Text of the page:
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Everything You Need to Know About the UFC’s Jorge Masvidal

What’s a fan to do when a cult favorite breaks big? That’s the story of Jorge Masvidal, the UFC perennial contender and holder of its first “Baddest Mother F—er” belt. The proud Cubano and native Miamian was an underground legend as a bare-knuckle boxing favorite years before he transitioned to MMA, and unlike others, he’s only got better. After a couple recent losses, he’s now fallen out of the UFC’s top five for the welterweight division, but if his career has proven anything, it’s only a matter of time before he once again headlines a UFC card.

Masvidal rose from the YouTube primordial ooze in the early Aughts through another legendary online fighter: Kimbo Slice. Slice, who passed away in 2016 after achieving his own noteworthy mixed martial arts success, had become notorious beating the hell out of guys you’d never want to meet in a dark alley. But even in his role as the bogeyman’s bogeyman, Slice could only do so much, so, with pornographer “Icey” Mike Imber, the two began to scale up what had been a one-man show. The pair began recruiting fighters to fill out the backyard cards like traditional promotions would do. In a 2020 documentary through the UFC, Masvidal says he was in a fast-food drive through when he got a call from Slice asking if he wanted to fight in a couple of hours. “I never thought it would generate the millions and millions of view,” he says. “I was just some ‘Spic from Miami.”

Far from a flash in the pan, Masvidal continued to rise in prominence even after he left the backyards behind, signing a contract in 2009 with Bellator and fighting three times, two of which were wins, before moving on. By the early 2010s, he was with Strikeforce, fighting with greater and greater regularity, though notching wins entirely through decision. But it was his move to the UFC, with its marketing muscle behind him, that would elevate him to levels far above anything he had previously experienced.

Like a high school freshman, Masvidal, who signed with the promotion in 2013, spent the early part of his UFC career winning more than he was losing, but otherwise achieving little. It was following a 16-month layoff, in early 2019, that the legend of “Gamebred” started to rise. Against English striking specialist Darren Till in the latter’s hometown of London, Masvidal rallied from a round-one knockdown to sleep Till in round 2 via two winging lefts. Speaking with Joe Rogan on Experience, Masvidal talked about the combo that won him the fight being pulled off a shelf and dusted off, previously having been thrown thousands of time in training and brought into the fight especially. “I go, man, he’s a southpaw,” he recalled, expressing skepticism to his coach. “So we started doing it, and boom. Money.”

After stopping a wunderkind in his tracks, Masvidal went from strength to strength to “Funky” Ben Askren. Anyone with a nominal amount of pop-culture awareness can tell you how that one ended up. After what seemed like months of trash talk between the two (in April, three months before the fight, Masvidal told Joe Rogan, “I want to break his f— face”), the fight was over in five seconds, a GIF-able flying knee knockout that stands — and will likely stand for years to come — as the fastest knockout in UFC history. Its international ubiquity only fueled the legend of Gamebred, which had largely been marked as a workman-like effort.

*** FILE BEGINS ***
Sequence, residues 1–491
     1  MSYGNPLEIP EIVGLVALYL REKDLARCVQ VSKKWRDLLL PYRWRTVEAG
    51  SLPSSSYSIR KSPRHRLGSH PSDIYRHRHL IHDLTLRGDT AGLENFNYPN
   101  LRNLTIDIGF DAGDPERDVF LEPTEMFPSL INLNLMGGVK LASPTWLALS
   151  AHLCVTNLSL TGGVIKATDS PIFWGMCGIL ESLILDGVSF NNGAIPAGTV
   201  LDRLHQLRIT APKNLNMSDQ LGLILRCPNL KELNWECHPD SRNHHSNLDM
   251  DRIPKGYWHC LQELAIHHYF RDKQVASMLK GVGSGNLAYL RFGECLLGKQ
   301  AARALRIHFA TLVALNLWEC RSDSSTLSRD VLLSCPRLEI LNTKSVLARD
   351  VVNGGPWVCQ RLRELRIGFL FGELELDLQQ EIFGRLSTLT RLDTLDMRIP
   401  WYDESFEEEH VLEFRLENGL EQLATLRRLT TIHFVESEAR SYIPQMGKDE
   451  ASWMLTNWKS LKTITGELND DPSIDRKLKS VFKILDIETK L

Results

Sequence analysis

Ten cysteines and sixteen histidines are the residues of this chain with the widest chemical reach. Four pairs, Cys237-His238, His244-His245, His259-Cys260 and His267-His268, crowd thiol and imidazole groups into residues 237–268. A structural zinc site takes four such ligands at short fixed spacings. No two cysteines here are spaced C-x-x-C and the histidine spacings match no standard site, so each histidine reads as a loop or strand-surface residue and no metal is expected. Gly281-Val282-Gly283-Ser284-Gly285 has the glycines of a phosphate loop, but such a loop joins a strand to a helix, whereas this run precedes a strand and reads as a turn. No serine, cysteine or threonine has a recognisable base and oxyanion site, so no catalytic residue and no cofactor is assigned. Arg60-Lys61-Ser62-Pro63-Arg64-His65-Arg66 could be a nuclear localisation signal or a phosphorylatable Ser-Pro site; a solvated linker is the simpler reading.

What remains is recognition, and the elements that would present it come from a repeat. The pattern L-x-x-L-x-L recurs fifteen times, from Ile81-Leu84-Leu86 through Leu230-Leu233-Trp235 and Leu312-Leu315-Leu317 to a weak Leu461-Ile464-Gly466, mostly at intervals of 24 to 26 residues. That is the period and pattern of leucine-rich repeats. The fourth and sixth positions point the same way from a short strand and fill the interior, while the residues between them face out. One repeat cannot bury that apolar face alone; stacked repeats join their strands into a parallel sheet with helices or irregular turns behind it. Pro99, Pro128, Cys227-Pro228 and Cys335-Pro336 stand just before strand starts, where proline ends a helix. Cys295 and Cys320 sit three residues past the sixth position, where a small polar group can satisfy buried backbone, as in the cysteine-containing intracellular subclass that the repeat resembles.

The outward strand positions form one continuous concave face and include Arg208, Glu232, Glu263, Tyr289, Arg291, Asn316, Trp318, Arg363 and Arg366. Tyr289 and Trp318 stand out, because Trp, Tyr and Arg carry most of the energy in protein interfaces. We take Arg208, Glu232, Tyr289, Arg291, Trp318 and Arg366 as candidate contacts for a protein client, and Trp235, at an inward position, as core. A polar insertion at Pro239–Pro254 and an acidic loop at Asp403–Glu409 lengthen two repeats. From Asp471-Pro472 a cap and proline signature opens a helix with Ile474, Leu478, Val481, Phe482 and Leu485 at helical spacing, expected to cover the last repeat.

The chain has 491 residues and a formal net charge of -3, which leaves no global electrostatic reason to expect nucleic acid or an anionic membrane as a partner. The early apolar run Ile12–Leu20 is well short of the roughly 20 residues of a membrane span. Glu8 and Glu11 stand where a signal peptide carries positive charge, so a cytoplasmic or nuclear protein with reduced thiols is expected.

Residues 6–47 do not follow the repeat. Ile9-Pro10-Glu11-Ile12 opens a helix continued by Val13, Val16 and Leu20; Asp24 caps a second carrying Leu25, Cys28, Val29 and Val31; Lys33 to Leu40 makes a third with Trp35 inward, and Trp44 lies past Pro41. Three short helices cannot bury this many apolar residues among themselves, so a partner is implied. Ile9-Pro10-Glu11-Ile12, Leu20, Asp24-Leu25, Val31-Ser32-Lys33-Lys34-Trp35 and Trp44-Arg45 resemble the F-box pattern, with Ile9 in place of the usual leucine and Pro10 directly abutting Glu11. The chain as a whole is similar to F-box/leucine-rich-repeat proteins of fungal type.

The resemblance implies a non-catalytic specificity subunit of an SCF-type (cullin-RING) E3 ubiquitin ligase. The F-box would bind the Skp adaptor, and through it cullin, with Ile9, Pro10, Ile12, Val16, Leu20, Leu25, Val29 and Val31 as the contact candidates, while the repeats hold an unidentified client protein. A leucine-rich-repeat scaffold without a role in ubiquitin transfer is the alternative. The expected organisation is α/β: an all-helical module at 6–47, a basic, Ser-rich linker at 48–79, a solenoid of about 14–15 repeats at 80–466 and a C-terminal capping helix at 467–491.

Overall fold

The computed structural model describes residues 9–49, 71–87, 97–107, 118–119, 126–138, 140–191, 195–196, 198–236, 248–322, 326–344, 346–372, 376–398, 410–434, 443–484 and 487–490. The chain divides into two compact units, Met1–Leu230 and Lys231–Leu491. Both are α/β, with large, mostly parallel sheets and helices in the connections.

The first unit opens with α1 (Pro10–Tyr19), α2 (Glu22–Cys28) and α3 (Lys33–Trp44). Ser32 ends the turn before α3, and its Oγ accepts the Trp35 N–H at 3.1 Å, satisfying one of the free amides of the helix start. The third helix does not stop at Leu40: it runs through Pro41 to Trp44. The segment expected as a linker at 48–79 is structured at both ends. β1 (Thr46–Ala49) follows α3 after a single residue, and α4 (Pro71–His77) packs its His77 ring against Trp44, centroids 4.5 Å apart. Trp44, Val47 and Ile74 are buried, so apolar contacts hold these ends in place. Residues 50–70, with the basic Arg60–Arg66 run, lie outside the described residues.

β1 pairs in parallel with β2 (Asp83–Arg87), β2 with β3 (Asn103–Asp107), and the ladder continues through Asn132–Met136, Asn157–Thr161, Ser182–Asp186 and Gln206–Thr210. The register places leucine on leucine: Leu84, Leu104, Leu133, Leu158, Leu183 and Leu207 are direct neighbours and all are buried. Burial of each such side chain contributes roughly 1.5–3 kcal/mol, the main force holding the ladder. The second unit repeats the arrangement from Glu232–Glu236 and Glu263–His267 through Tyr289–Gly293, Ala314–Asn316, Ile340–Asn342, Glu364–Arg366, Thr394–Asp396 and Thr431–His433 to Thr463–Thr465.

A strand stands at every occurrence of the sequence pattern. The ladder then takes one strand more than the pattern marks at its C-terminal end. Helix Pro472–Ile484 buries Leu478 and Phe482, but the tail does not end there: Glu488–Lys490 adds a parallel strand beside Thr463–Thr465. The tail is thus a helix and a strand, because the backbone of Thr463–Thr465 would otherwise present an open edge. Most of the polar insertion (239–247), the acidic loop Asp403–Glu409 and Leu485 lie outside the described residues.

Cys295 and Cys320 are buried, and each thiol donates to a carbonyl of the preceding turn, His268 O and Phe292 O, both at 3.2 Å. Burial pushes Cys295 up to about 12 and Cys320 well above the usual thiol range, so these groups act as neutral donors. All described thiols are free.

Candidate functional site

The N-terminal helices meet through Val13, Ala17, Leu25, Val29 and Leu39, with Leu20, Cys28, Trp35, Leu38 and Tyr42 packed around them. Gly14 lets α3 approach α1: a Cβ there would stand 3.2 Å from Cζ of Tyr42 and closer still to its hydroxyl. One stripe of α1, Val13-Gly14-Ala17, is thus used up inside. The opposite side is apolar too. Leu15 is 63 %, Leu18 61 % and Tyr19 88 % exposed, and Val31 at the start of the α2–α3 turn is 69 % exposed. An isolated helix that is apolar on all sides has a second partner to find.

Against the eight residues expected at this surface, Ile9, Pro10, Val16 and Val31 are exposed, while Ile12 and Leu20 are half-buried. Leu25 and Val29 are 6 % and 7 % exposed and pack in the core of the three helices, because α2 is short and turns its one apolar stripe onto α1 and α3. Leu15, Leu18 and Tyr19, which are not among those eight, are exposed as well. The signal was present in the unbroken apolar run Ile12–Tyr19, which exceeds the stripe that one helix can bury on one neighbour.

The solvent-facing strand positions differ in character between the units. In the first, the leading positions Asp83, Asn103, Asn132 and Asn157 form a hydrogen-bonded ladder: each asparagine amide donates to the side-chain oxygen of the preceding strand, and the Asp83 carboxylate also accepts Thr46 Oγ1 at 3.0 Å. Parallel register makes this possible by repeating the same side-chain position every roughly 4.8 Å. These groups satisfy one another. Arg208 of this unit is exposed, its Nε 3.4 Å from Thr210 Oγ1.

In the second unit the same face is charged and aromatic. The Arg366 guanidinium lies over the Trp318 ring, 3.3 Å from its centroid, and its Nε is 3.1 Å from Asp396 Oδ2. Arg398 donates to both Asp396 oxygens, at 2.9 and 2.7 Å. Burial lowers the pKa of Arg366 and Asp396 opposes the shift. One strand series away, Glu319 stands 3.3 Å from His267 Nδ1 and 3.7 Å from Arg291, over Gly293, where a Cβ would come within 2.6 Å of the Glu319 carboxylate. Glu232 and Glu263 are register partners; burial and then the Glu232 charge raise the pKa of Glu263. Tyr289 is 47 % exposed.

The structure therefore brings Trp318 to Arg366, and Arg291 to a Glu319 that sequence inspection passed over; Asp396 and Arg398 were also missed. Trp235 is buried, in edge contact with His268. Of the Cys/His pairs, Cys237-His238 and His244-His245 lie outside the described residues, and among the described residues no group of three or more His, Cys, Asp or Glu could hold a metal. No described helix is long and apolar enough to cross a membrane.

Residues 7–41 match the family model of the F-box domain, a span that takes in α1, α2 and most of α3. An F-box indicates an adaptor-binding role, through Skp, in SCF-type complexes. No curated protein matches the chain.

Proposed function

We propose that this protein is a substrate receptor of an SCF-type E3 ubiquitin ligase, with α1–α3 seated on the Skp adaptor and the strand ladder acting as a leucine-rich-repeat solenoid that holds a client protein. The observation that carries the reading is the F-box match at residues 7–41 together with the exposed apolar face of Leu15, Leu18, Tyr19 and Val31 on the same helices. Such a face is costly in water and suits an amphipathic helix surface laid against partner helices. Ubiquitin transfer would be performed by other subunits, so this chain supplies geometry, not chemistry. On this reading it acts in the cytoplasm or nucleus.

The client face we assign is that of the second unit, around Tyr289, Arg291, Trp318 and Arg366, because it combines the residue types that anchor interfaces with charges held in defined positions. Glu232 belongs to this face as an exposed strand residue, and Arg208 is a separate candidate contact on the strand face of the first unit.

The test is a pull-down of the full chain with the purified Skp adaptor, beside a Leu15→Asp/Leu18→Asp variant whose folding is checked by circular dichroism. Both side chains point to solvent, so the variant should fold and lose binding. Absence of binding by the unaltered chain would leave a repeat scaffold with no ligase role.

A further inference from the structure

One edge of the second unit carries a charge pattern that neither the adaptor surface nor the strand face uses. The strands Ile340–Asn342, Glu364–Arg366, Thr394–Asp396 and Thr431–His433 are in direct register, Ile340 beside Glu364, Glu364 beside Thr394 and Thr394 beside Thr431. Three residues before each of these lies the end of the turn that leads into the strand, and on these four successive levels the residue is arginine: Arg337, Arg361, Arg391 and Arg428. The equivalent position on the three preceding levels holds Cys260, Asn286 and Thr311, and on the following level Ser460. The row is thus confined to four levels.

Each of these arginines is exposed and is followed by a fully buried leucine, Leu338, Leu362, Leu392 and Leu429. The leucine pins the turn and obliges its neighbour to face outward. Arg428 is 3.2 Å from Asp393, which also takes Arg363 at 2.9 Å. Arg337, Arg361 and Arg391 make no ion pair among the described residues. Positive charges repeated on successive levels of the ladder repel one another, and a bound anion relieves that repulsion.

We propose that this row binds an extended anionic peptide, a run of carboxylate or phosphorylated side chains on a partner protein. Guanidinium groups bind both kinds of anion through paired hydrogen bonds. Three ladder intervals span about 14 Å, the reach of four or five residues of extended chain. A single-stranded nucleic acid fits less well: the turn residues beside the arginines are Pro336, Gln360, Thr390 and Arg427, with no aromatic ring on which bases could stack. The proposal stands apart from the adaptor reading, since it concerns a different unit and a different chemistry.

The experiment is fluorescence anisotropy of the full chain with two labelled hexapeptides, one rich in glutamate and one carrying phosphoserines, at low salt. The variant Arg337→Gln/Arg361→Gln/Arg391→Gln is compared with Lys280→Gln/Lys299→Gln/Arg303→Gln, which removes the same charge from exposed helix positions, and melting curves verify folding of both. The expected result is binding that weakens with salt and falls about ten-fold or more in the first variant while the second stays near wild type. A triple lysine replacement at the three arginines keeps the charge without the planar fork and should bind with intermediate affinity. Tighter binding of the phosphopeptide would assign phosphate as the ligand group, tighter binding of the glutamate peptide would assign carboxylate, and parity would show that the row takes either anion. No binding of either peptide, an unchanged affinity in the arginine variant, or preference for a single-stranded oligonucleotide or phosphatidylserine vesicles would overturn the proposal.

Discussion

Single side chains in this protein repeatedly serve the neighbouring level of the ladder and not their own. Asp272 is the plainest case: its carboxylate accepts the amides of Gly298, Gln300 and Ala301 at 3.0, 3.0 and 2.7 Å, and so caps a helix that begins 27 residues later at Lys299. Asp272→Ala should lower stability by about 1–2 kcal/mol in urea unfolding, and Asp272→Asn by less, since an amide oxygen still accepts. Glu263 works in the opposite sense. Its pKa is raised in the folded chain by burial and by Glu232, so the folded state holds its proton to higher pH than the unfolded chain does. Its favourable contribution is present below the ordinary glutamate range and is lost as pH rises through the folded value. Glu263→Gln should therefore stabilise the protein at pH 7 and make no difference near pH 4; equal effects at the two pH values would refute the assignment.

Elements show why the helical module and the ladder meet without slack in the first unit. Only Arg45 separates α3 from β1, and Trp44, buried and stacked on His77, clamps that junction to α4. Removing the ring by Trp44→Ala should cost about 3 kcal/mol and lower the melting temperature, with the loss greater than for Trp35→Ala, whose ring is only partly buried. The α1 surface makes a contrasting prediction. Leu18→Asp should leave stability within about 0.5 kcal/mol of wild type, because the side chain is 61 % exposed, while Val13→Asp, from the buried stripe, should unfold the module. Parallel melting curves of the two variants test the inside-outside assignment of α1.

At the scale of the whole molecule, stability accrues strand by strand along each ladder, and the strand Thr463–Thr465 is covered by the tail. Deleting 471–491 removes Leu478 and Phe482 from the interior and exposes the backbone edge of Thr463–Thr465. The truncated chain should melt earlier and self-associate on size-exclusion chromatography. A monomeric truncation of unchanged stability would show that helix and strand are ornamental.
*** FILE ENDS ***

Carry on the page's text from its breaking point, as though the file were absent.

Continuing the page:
And so begins Masvidal’s legendary status. With a shiny, new eight-fight contract under his belt, in 2019 he faced another cult favorite, Nate Diaz. Diaz, with older brother Nick, had already found success with his own brand of rags-to-riches fight excellence, even deploying the family’s own technique, the Stockton Slap, to great effect. Diaz the younger  had already upset an in-form Conor McGregor with 11 days’ notice in 2016 and was as talented as Masvidal in trash talk. The two would meet at UFC 244 in November 2019, and while the result, deemed a TKO after the third round due to unstoppable bleeding from the long scarred-over eyes of Diaz, would be anticlimactic, it means that as of this writing, Masvidal lays official claim to the title of Baddest Mother F—er, abbreviated BMF, in the UFC. He’s even got the custom-made belt to prove it.

Recent years have given Masvidal fans little to be excited about. A late addition to a title match in 2020, he lost via unanimous decision to Nigerian Kamaru Usman. One might excuse this, as Masvidal joined the card after a reported six days’ notice once the previous fighter, Gilbert Burns, tested positive for COVID-19. But Masvidal’s loss wasn’t easy to dismiss after the two ran the title fight back in April 2021 at UFC 261. Masvidal was again stopped, although this time in a more dramatic fashion, being knocked out in Round 2 and bearing the ignominious mark of his first knockout in the UFC.

The way forward for Masvidal is uncertain. Coming off two losses isn’t great, and on Tuesday, May 11, with the UFC’s latest update to its division rankings, he fell out of the welterweight top five down to seventh, suggesting that his next fight will be an uphill battle to regain position.

Despite his widespread notoriety, fight fans don’t seem to grow disillusioned with “Gamebred” Jorge Masvidal. He remains one of the UFC’s most popular fighters, maintains a robust social media presence, and has expanded into numerous areas, including expanding a long-established mezcal company, El Recuerdo, into the U.S. in 2020. His cup runneth over and shows no signs of ebbing.

Whatever Masvidal’s next step may be, for now, the goal is clear: to resume training and get ready for the next battle. “Back to work,” he wrote on Instagram in mid-May. A rolling stone gathers no moss.

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